The Kerala Assembly last week passed a bill to make it easier to reclaim paddy fields, wetlands and “unnotified land” for infrastructure development projects. The bill makes 12 amendments and adds two new provisions to the Kerala Conservation of Paddy Land and Wetland Act, which was enacted in 2008 to conserve ecologically sensitive paddy fields and wetlands.

When the amendment bill moved by the Left Democratic Front regime was put to vote on June 25, it was criticised by opposition lawmakers. They said it will further shrink the state’s paddy fields and cause widespread environmental damage.

Many environmental scientists and activists noted that the bill waters down crucial provisions of the 2008 law, which will likely encourage large-scale land reclamation, causing environmental degradation and groundwater depletion.

Though the bill states that paddy fields and wetlands will be reclaimed only for “projects that benefit the public”, it does not provide a clear definition of such a project.

“What are the criteria for identifying projects that benefit the public?” asked Girigan, principal scientist at the Community Biodiversity Centre run by the MS Swaminathan Research Foundation in Wayanad. “It is a problematic term. The government should allow land reclamation only for projects undertaken by it. In the present context, even real-estate developers can say their housing projects will benefit the public.”

Chief Minister Pinarayi Vijayan, participating in a discussion on the bill in the Assembly, said the changes “allow conversion of paddy and wetlands only for government-approved projects”. But his clarification failed to dispel the misgivings as Revenue Minister E Chandrashekharan said the bill will facilitate large infrastructure projects such as a pipeline to be laid by the Gas Authority of India Limited.

The state-run company’s Kochi-Mangaluru gas pipeline is one of several projects in Kerala that have run into public opposition in the past few years, mostly following disputes over land acquisition. Currently, villagers of Keezhattur in Kannur district are protesting against the government’s decision to take over more than 250 acres of paddy fields for laying a bypass road to a national highway.

Weakening oversight

The bill also limits the authority of the monitoring committee in a gram panchayat or a municipality to stop land reclamation for infrastructure projects. The committee is led by the head of the local elected body and has government officials and farmers’ representatives as members. Now, the committee can only report land conversion to district or state monitoring committees. “The amendment takes away the powers of the local monitoring committee and district committee,” Girijan said. “It will lead to rampant land conversion.”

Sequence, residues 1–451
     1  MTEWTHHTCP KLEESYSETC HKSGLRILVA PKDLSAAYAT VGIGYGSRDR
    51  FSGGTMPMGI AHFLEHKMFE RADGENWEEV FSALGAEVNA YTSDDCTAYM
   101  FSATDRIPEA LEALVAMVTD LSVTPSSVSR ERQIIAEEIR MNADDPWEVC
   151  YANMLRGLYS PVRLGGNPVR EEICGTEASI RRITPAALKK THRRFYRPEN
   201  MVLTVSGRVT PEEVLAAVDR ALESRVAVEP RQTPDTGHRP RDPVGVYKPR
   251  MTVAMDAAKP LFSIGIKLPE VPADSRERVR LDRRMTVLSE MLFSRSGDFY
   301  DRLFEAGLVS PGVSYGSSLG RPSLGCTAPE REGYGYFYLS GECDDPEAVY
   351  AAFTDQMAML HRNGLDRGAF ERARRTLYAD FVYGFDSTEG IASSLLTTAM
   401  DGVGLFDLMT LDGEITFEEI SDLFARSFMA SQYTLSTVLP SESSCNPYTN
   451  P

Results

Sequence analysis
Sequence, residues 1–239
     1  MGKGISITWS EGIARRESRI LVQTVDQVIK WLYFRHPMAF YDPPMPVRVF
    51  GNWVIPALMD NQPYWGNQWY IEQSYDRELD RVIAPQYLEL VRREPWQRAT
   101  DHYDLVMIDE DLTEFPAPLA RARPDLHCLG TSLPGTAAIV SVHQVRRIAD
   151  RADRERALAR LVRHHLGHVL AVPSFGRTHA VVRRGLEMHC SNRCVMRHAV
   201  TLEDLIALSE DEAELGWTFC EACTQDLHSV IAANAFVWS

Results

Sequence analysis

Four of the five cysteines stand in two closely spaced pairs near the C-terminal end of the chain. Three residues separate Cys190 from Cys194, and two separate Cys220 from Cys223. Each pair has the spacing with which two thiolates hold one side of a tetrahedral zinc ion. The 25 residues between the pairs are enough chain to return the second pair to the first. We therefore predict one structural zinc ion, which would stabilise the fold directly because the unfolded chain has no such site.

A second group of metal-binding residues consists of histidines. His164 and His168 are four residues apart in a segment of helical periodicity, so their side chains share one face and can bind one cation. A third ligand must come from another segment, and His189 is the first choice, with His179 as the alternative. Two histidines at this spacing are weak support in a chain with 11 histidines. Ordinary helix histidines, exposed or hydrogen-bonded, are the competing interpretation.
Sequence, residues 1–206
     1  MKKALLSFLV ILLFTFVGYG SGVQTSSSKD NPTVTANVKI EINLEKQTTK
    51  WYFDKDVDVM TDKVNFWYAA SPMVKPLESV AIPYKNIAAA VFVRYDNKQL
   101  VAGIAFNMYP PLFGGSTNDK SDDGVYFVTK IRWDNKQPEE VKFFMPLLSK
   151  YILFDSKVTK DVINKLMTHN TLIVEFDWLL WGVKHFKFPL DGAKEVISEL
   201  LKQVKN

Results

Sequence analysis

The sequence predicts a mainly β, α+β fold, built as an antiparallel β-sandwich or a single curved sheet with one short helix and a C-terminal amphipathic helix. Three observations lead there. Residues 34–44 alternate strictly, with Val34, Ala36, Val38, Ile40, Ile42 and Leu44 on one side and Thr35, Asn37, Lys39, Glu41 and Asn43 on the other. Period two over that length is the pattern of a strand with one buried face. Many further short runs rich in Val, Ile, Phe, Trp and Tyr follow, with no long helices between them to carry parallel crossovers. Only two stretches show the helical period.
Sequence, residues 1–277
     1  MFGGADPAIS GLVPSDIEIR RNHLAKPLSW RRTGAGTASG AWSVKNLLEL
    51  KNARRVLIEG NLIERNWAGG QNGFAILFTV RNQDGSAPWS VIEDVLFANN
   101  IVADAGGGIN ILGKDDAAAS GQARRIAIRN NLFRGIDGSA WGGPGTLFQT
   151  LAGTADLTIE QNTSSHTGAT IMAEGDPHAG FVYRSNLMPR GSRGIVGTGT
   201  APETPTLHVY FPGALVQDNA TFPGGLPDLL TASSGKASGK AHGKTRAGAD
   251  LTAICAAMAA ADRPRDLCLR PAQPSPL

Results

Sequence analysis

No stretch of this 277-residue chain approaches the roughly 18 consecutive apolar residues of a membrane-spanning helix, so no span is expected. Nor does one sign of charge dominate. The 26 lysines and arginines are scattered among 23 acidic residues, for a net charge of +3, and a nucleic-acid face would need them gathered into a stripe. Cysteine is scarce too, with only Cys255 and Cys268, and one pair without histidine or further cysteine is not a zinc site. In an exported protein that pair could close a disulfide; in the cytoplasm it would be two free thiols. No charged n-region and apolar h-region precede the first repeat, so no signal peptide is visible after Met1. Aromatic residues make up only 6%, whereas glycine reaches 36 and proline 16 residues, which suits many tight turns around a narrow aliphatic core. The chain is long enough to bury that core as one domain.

Critics alleged the introduction of a new land category – “unnotifed land” – is another ploy to promote conversion of farmland and wetlands into industrial land. According to the bill, any piece of land listed under the categories of paddy fields or wetlands in the Basic Tax Register but not notified as farmland or wetland in the state’s data bank for paddy fields and wetlands will be classified as “unnotified land”. Owners of unnotified land can change its use as long as it does not disrupt “free of flow of water” to neighbouring paddy fields.

S Ushakumari said the “unnotified land” category was introduced to help real estate developers. “The state does not have a data bank of paddy fields and wetlands,” said the director of Thanal, a non-profit that works on environmental issues.

The leader of the opposition, Ramesh Chennithala of the Congress, alleged that real estate developers could reclaim large tracts of “unnotified land” in the absence of a data bank of wetlands and paddy fields.

In its manifesto for the 2016 Assembly election, the Left Democratic Front had promised to create the data bank within a year of coming to power. It is yet to materialise.

Falling production

Though rice is the Keralites’ staple food, the state produces only a fraction of the 40 lakh tonnes consumed annually, making it dependent on imports from other states. According to the State Economic Survey for 2016-’17, Kerala has 7.5% of its cropped area under rice cultivation, yielding 4.37 lakh tonnes.

The area under paddy cultivation decreased from 1.9 lakh hectares in 2015-’16 to 1.7 lakh hectares in 2016-’17. This area was 8.75 lakh hectares in 1970-’71, falling to 8 lakh hectares in 1980-’81, 5.6 lakh hectares in 1990-’91 and 3.47 lakh hectares in 2000-’01.

Girigan said the steep decline was due largely to paddy fields being turned over for realty development. The 2008 law has done little to arrest this trend. “The degree of conversion has in fact increased after the 2008 law came into being,” he added. “What will happen to paddy fields with these amendments? It’s anybody’s guess.”

Senior Congress leader Kodikunnil Suresh claimed the bill “sounds the death knell” for Kuttanad, known as Kerala’s rice bowl. “It will increase the reclamation of paddy land,” he said, adding, “As a member of Parliament representing Kuttanad region, I will challenge the amendments in the High Court.”

Ushakumari agreed. “The 2008 law helped us stop big projects like at Valanthakkad, on a mangrove-rich island in Kochi and Methran Kayal,” she said. “It won’t anymore.”

The bill makes it easier for real estate developers to tempt paddy field owners into parting with their land, she claimed. “With this bill, the government has also laid the ground for a huge environmental disaster,” she said.